Flor is Mexican, from the Masewal people, and a member of the collective responsible for Wiki Katat: the Tosepan Union of Co-ops. She also works at Tosepan Limakxtum, the organisation’s radio station.

“Well, hello, my name is Floriberta Lino de Jesús. I am from a community called Tepetzalan, in the state of Puebla, Mexico. I am a proudly Indigenous woman.”

Flor tells us that her community, Tepetzalan, means “cerro del medio” – “middle hill” – in her mother language, Náhuatl. The rural community where she lives is located 12 kilometres away from the municipality of Cuetzalán, in the state of Puebla, which is in the central Mexican plateau.

Tepetzalan is a very small community, of around 400 inhabitants. The whole town has a little over 4,000 people. To help us meet their reality, Flor describes the typical clothing worn by the Indigenous peoples.

“Well, if there is something that identifies us a lot is that, when you arrive in Cuetzalán, the men wear blanket pants, a shirt and their backpack, which is our 'taewaloni'; and the women carry their flowered sash, wear a long white skirt and a work shirt, which is woven by artisan hands in patterns of different flowers and different animals that exist in the region.”

Cuetzalán is part of the Mexican touristic route called “Magical Towns” [Pueblos Mágicos].

“Well, Cuetzalán is a magical town. They say it is magical because it has many waterfalls, hills, and Cuetzalán is green, there is a lot of vegetation. It has a wealth of flora and fauna. Normally, whenever someone comes to visit Cuetzalán, I always tell them: 'Don't stay in central Cuetzalán, go to the communities, because that's where the good stuff really is.' I am talking about communities, because it is a rural area, there are paths, there is a cornfield, there is coffee, creeks and waterfalls. And the roosters usually wake you up in the morning, but also the morning birds, because they start tweeting at five in the morning. When the sun rises, they already wake you up, you don't even need an alarm.”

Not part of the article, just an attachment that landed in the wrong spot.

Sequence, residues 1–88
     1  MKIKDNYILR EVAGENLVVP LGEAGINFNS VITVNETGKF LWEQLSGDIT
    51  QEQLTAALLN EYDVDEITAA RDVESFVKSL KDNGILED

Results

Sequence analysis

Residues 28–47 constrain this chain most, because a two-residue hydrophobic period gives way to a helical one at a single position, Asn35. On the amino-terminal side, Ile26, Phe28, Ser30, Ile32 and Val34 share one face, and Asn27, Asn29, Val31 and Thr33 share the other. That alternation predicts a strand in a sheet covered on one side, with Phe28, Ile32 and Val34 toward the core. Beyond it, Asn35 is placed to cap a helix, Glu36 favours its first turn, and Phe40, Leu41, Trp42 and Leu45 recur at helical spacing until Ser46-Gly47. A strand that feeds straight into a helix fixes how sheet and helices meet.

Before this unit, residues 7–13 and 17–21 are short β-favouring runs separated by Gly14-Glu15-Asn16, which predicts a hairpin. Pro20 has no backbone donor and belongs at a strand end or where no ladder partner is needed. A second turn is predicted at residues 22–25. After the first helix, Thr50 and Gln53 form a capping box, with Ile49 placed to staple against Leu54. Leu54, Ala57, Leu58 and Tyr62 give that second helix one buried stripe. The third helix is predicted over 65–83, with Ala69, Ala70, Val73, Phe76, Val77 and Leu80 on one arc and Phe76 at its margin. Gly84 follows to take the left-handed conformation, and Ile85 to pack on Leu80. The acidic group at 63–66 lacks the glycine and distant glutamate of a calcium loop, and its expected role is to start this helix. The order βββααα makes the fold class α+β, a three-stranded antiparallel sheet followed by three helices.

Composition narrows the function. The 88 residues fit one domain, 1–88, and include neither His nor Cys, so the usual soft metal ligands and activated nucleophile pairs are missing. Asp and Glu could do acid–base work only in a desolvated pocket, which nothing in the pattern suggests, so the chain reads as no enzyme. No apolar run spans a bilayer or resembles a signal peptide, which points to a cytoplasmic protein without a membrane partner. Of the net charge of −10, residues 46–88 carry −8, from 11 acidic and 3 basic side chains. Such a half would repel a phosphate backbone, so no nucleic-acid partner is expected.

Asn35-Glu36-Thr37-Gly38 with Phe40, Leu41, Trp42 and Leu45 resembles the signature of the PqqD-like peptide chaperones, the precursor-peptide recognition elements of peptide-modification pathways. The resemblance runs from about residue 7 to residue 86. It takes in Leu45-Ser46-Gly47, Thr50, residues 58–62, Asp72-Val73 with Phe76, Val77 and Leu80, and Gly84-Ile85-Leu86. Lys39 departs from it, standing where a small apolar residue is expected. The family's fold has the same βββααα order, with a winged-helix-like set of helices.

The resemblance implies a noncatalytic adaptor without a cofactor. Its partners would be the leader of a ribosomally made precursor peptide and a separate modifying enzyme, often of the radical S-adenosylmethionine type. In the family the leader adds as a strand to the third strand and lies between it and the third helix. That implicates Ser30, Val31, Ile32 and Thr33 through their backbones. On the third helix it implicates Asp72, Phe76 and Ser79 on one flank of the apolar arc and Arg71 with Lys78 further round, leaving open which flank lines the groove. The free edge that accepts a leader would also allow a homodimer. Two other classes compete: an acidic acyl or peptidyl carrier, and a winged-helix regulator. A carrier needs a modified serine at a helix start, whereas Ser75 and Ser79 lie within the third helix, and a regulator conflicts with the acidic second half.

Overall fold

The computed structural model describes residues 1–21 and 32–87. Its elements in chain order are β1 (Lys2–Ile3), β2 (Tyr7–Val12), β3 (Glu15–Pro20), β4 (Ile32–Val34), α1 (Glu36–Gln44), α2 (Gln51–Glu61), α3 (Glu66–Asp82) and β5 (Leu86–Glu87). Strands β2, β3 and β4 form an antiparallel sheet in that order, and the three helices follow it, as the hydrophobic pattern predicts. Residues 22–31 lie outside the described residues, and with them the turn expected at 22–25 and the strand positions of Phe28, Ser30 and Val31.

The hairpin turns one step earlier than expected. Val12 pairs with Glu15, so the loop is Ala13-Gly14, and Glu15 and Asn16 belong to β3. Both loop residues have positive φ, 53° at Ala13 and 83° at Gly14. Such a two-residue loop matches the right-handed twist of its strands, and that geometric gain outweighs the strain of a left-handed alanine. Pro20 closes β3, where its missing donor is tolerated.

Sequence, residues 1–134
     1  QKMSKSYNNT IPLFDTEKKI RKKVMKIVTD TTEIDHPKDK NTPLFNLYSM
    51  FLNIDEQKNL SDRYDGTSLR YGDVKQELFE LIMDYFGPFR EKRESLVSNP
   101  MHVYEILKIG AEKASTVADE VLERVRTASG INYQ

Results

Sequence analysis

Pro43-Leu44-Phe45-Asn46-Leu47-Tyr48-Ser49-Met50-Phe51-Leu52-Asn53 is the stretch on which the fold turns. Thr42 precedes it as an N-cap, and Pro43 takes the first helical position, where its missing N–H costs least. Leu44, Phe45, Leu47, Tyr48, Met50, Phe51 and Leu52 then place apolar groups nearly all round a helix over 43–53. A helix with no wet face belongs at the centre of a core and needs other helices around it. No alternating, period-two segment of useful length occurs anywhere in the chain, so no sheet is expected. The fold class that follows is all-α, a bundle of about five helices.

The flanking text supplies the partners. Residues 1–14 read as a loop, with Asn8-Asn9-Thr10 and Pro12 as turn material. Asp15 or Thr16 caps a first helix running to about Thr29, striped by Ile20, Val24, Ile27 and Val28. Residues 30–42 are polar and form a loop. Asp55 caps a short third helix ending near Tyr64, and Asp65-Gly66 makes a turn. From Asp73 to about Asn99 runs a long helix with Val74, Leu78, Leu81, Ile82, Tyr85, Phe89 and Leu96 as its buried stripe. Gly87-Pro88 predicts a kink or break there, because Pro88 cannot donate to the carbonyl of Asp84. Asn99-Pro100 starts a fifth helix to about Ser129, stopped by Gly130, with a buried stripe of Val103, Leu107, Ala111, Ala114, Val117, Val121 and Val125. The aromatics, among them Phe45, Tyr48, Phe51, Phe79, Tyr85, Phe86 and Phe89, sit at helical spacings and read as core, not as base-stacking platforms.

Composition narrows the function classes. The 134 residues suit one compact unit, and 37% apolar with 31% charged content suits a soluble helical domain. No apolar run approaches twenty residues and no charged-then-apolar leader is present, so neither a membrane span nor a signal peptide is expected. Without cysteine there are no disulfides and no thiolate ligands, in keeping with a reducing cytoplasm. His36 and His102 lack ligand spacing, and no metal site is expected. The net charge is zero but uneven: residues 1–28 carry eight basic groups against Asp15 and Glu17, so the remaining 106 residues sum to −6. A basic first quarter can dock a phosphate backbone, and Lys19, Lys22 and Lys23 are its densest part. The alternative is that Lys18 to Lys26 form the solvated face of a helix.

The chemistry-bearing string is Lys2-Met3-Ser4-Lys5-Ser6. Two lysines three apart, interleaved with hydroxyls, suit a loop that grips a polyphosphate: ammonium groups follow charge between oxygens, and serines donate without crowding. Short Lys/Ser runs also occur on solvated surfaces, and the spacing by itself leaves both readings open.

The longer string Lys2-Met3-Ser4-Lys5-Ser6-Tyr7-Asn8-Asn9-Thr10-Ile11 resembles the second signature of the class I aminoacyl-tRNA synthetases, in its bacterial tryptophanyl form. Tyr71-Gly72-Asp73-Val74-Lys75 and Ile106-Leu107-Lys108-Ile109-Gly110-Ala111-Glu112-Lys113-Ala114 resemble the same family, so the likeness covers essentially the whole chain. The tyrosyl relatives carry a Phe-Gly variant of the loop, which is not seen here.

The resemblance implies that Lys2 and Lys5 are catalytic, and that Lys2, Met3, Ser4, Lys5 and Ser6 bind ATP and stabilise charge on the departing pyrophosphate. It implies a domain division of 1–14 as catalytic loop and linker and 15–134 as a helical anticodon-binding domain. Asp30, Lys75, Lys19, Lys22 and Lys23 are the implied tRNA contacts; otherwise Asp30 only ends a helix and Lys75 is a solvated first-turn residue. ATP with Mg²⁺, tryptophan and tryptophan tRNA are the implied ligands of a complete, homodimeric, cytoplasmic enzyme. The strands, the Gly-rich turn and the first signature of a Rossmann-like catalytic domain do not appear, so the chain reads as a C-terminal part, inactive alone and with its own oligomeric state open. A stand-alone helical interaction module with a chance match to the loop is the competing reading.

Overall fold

The Tosepan Union of Co-ops comes from over four decades of struggles and collective work. It amounts to over 40,000 Indigenous families in more than 30 municipalities in the country, who work in areas such as organic production (mainly of coffee, pepper and honey), microcredit, alternative tourism, health care, and community communication.

The launch of Wiki Katat in 2022 was a milestone for the Union’s 45th anniversary. The goal was to build information and communications technologies in a way to contribute to the construction of yeknemelis in the Masehual language, which means “buen vivir” in Spanish, or “good living” in English. “Buen vivir” is a concept that mobilises various Latin American native peoples and is an alternative to Western models of development and progress. Yeknemelis understands that it is necessary to prioritise the harmony between nature and humankind, having, as a guide, principles of social peace, solidarity, work, humility and unity.

To explain how Wiki Katat came into being, Flor told us about the time she worked at the community radio station Tosepan Limakxtum. The joy of being able to work at the station, sharing with the communities, moved her as well as other young people to keep studying and contributing to the region. But an event interrupted the programming, not just in that small Mexican town, but in the whole world.